Dry Eye Image 1

Dry Eye

Dry eye is one of the most common eye conditions eye doctors diagnose and treat. In fact, it is estimated over 25 million Americans experience dry eye. Dry eye occurs when there are either not enough tears to adequately lubricate the eye or the tears are of poor quality. 

To better understand dry eye, it is helpful to understand the components of a tear. The main layers of tears are:

  • Mucus layer: This layer helps spread the water layer and adhere it to the surface of the eye.
  • Water layer: This layer keeps the surface of the eye healthy and hydrated.
  • Oil layer: This layer prevents tears from evaporating.

When one or more of these layers of tears becomes inadequate, dry eye can occur.

What Causes Dry Eye?

There are many different causes of dry eye including:

  • Age: Dry eye particularly affects those over the age of 50. As we age, we naturally produce less tears. 
  • Environment: Dry, dusty, windy, or smoky environments can increase dry eye.
  • Digital screen use: Staring at a computer,  smartphone, or TV for prolonged periods can result in decreased blinking.
  • Eyelid health: Certain eyelid conditions increase the risk of dry eye including blepharitis (inflammation of the eyelid) and entropion/ectropion (eyelids turn inward or outward).
  • Certain medications such as antidepressants, antihistamines, and decongestants
  • Certain diseases such as diabetes, Sjogren's, and rheumatoid arthritis
  • Hormonal changes: Women are more likely to develop dry eye during menopause and pregnancy.
  • Meibomian gland dysfunction: A condition in which the meibomian glands become clogged and do not produce enough oil for the tears. This causes tears to evaporate too quickly.

What are the Symptoms of Dry Eye?

Dry eye typically affects both eyes. Symptoms that appear may include:

  • Red eyes
  • Itchy eyes
  • Burning sensation
  • Eyes feel scratchy or gritty
  • Watery eyes
  • Blurry vision
  • Difficulty wearing contact lenses

How is Dry Eye Diagnosed?

Diagnosing dry eye requires your optometrist or ophthalmologist to perform a comprehensive eye exam in order to observe the surface of your eye. In addition, certain diagnostic tests may be done, including tests to determine the volume and quality of your tears. Over the past several years, the industry has seen an increase in the development of dry eye tests. Examples of tests that the doctor may use include:

  • InflammaDry®: A test to see if tears contain the inflammatory marker, MMP-9. Those with higher levels of this marker have a greater likelihood of developing dry eye.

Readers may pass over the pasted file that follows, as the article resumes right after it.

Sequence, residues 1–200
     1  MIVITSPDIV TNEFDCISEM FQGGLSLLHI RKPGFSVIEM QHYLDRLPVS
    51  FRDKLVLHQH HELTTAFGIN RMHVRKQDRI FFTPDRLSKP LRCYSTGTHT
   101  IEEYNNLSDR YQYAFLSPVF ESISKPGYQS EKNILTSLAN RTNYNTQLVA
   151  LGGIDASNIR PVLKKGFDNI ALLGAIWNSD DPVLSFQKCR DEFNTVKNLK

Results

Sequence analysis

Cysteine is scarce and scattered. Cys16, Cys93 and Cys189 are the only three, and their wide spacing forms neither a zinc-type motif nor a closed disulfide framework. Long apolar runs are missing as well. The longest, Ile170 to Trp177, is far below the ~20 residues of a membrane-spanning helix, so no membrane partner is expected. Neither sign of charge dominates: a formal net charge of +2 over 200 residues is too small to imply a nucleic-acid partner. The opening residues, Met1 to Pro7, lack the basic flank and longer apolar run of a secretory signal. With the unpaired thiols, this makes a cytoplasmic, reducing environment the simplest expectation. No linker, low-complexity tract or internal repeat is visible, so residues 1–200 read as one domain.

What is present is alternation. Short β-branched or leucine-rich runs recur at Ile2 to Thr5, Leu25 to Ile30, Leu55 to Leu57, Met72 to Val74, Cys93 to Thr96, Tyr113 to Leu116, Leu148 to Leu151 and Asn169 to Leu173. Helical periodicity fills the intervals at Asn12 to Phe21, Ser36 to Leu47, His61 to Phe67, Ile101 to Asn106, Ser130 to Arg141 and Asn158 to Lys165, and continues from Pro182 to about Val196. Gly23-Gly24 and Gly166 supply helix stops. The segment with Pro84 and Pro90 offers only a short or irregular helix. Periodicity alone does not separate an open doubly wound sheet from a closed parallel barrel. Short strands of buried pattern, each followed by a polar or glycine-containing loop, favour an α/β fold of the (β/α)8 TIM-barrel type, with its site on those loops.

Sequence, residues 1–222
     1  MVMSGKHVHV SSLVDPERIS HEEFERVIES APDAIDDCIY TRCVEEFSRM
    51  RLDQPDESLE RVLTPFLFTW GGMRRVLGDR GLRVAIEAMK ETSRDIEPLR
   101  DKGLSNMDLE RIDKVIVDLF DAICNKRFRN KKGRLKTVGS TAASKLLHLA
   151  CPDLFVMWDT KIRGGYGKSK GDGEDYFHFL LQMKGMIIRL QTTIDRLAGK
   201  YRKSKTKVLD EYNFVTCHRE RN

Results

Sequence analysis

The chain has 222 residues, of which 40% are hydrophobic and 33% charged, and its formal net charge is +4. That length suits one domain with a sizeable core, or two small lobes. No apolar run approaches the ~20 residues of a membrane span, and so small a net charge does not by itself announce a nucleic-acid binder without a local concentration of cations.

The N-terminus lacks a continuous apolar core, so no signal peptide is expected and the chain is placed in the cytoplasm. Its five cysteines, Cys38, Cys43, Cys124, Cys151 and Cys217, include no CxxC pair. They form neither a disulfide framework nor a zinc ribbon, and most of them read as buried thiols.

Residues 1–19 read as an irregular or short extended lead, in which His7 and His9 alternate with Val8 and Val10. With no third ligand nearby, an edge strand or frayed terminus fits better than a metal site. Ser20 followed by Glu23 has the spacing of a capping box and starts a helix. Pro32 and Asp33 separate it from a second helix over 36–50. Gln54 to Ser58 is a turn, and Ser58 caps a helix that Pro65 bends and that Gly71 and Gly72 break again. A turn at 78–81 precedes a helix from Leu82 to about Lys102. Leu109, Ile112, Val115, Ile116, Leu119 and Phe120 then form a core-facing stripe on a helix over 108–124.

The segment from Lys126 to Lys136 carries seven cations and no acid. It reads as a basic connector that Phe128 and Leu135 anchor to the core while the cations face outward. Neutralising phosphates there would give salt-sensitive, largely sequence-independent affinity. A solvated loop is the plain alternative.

• TearLab: A device that measures the osmolarity, or saltiness, level of the tears. Saltiness is an indicator of dry eye. The higher the measurement, the saltier the tears.

With such a large selection of diagnostic tools available, dry eye is able to be diagnosed more accurately and quickly.

How is Dry Eye Treated?

There are numerous effective dry eye treatments available as technology has seen many advancements. Your eye doctor will discuss what treatments may work for you. One or more treatment options may be necessary including:

  • Artificial Tears: This is the most common treatment for mild dry eye and is effective at lubricating the eye for temporary relief. There are a variety of over-the-counter eye drops available ranging from liquid drops to gel drops to preservative-free drops.
  • Prescription Eye Drops: If artificial tears aren’t adequate, your doctor may recommend prescription eye drops such as ReStasis® or Xiidra®. These eye drops may help with lubricating the eye as well as reducing inflammation. Steroid eye drops may also be used.
  • Warm Compresses: Placing warm compresses on the eyelids can help warm up clogged meibomian glands, which is a common cause of dry eye.
  • Lid Scrubs: Cleaning your eyelids with lid scrubs can help reduce inflammation of the meibomian glands.
  • Punctal Plugs: If eye drops are determined to be insufficient, punctal plugs may be used. A punctal plug is placed into the tear duct to prevent tears from draining out of the ducts. This allows the tears to remain in the eye and keep it lubricated.
  • LipiFlow®: This is a device that targets clogged meibomian glands. It is placed directly on the eyelids and applies mild heat to warm up the glands. Simultaneously, it also gently massages the eyelids to release the blockages in the glands and help restore normal oil production.
  • IPL: IPL, or Intense Pulsed Light, is a device that delivers pulses of light to the area beneath the eye which ultimately warms the meibomian glands. By warming up the meibomian glands, the doctor can then break up any blockages to help the glands function normally again.
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